The PBS NewsHour has been running some great segments on long-term care (LTC) recently.
One recent segment, for example, showed a daughter serving as a caregiver for her mother, who is suffering from Alzheimer's.
The makers of the show said the segment will be the first in an occasional series of stories about LTC services.
This brought me back to 1996, when I interviewed for a job as a reporter at National Underwriter Life & Health, one of the print publications that feeds articles into LifeHealthPro.com. I thought I was going in to interview for a job at the property-casualty edition. When I found out I'd been hired to write for Life & Health, I was terrified.
I'd worked at the Press-Journal in Vero Beach, Fla., so I understood that there was plenty to write about in the field of property-casualty insurance.
But I hadn't ever written much about life insurance, or health insurance. I pictured reporters covering those fields being able to write about two features per year, "Life insurance is still here and still works great," and "Health insurance is still here and still works great."
When I actually went to work and looked at these topics more closely, I discovered that the blurry fog of confusion resolved into thousands of separate story ideas, most of which I'd never have to cover properly.
Of course, long-term care and long-term care insurance are the same way. It's still easy for me -- and even, maybe, for people in the LTCI community -- to think, hazily, in terms of the "LTCI market," when, in fact, there are dozens, maybe hundreds of separate products still on the market or still in force, and many different types of buyers for the products, and many different ways the buyers could use the producers.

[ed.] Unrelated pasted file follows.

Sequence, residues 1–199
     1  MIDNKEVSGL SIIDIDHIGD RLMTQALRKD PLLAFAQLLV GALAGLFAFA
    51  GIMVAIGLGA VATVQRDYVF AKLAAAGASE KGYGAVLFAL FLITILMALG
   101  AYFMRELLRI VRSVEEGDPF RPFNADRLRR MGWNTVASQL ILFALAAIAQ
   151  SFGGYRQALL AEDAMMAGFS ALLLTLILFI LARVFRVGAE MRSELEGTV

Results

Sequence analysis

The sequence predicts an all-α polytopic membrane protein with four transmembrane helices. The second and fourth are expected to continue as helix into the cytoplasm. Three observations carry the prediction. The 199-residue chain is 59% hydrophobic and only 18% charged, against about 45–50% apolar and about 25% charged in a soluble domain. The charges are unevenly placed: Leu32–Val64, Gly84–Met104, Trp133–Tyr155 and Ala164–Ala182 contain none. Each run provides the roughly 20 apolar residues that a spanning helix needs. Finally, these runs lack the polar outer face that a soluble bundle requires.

The LTC provider side of the story is another cloud of confusion that resolves into thousands of different story ideas once you get up close to it, and the same, of course, is true for the family caregivers, and the casual, non-family caregivers.
Outside of a few specialized publications, like this one and McKnight's Long Term Care News, it's pretty unusual to see news organizations write more than, say, one article every few weels about LTC issues. I think that those news organizations, and people as a whole, still ttend to see the top of long-term care as a distant, blurry cloud of confusion. They don't grasp that it would be pretty easy to start an entire cable television channel devoted entirely to LTC-related programming.
One way I've found to force myself to see the important, interesting ideas inside a cloud of confusion is to think of the most specific subtopic I can come up with, then to make it more specific by adding two prepositional phrases.
If, say, one wants to write "about voluntary long-term care insurance," a way to come up with a better, more focused article is to add two prepositional phrases along the lines of "for young workers in manufacturing," or "for teachers at private schools.
It looks as if the producers at the PBS NewsHour are going to have to start making themselves see LTC issues more clearly by adding prepositional phrases to their own topic proposals. Maybe that represents the start of our society as a whole thinking about the issues with more precision.